While you’re thinking about why older voters participate, I wanted to give you a quick look at the other end of the age spectrum. Some think of younger voters as having – or feeling like they have – less of an immediate stake in politics than do older Americans. For this reason, they tend to vote in smaller percentages than do those who are older. Let’s take a look at what we know from recent history.
Prior to the 2018 election, young people certainly were the least likely voters. In mid-term elections (the years when there is no presidential election), voters age 18-29 have generally shown apathy: between 1994 and 2014, at most 26 percent of these citizens turned out to vote (CIRCLE 2018). However, these same data show that in 2018, roughly 31 percent voted. So it’s possible we are seeing a trend of younger Americans increasing their awareness and feeling a stake in the election process.
Those of us interested in interpreting trends and predicting the near future might ask: If it is basically true that people vote when they feel they have a stake in the process, then how should we interpret this increase in young people’s participation? Is it logical that they would feel more of a stake in the election process? Or should we expect that the percentages of young voters will fall again in the next few years?
The Center for Information & Research on Civic Learning and Engagement. (2018, November 7). Young people dramatically increase their turnout to 31%, shape midterm elections. Retrieved from https://civicyouth.org/young-people-dramatically-increase-their-turnout-31-percent-shape-2018-midterm-elections/ (Links to an external site.)Links to an external site.
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Age and Elections
I think age is becoming of significance in politics perhaps because the majority of the U.S population is getting older. However, from the recent statistics of CIRCLE, it is clear that the number of youth voter turnout has significantly increased as compared to 2014 (“Young People Dramatically Increase their Turnout to 31%, Shape 2018 Midterm Elections”, 2018). I think this is a good sign because it means the youth are finally getting concerned with their leadership. Their mentality is slowly changing and they seem to be particularly confident about the ability that their generation has in fostering development. They believe that by electing young leaders, they will be one step closer to achieving the change they all desire. They have also become conscious of their constitution and understand the significant role that voting plays in advancing their political views. Political aspirants, especially Democratic candidates, appear to have also contributed to this massive youth voter turnout. In 2018, States like Nevada that had a higher percentage of youths in the electorate recorded wins for the Democratic candidates (“Young People Dramatically Increase their Turnout to 31%, Shape 2018 Midterm Elections”, 2018). This is because the Democrat party is encouraging youths to participate in democracy. As a matter of fact it is encouraging some of the youths to take up leadership positions and implement policies that they see fit. It is this participation in democracy that is urging even more youths to turn out and vote. From my point of view, I believe this trend is expected to continue. This is because the young voters are demonstrating increased political awareness, enthusiasm and concern to take part in national development. If anything, in the near future it is highly likely that the youth are not only going to participate in election by voting but also by taking up some of these leadership positions.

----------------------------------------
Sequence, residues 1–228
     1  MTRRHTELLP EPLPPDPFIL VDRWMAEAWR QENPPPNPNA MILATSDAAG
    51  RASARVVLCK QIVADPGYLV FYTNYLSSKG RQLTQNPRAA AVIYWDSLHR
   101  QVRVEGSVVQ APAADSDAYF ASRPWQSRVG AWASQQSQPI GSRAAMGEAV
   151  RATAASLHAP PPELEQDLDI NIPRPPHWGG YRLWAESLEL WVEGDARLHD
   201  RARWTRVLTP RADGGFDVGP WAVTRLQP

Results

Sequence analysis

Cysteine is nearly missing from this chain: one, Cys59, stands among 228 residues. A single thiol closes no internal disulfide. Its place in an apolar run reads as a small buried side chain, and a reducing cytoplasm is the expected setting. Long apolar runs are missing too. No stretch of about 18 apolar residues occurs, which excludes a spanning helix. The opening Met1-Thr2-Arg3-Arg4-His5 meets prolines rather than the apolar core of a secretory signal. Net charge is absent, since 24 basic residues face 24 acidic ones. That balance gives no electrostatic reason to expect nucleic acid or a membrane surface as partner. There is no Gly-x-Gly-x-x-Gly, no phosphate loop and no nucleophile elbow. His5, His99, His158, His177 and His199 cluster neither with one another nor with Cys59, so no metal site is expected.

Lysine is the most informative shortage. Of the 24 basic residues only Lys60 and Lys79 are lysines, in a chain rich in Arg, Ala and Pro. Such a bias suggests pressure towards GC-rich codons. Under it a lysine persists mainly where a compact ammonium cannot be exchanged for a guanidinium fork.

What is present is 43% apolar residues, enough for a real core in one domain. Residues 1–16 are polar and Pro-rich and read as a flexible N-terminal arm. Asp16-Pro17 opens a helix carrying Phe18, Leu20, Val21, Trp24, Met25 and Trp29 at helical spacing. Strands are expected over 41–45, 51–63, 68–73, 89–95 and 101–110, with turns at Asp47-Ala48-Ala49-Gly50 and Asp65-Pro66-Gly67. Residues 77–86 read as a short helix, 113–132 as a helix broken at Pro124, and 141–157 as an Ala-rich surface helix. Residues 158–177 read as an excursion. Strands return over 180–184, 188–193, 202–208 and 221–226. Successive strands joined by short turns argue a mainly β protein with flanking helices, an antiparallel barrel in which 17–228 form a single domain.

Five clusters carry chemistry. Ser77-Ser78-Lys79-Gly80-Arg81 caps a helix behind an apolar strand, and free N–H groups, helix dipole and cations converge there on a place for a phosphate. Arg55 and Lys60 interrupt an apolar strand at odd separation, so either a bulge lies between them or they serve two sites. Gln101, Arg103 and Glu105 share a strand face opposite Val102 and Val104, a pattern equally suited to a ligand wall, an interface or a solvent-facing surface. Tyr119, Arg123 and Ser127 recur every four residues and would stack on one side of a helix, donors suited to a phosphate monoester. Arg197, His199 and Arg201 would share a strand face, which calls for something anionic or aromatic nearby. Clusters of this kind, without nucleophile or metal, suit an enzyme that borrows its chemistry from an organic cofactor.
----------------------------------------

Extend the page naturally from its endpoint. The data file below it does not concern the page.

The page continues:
Young People Dramatically Increase their Turnout to 31%, Shape 2018 Midterm Elections. (2018). Retrieved from https://civicyouth.org/young-people-dramatically-increase-their-turnout-31-percent-shape-2018-midterm-elections/
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